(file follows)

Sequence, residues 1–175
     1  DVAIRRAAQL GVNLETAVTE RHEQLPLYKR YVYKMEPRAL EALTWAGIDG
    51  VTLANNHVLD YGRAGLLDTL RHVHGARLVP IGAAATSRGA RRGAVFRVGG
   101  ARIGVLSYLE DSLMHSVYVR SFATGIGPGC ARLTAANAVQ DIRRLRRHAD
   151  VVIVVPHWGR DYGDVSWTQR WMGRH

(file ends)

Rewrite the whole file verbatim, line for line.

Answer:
Sequence, residues 1–175
     1  DVAIRRAAQL GVNLETAVTE RHEQLPLYKR YVYKMEPRAL EALTWAGIDG
    51  VTLANNHVLD YGRAGLLDTL RHVHGARLVP IGAAATSRGA RRGAVFRVGG
   101  ARIGVLSYLE DSLMHSVYVR SFATGIGPGC ARLTAANAVQ DIRRLRRHAD
   151  VVIVVPHWGR DYGDVSWTQR WMGRH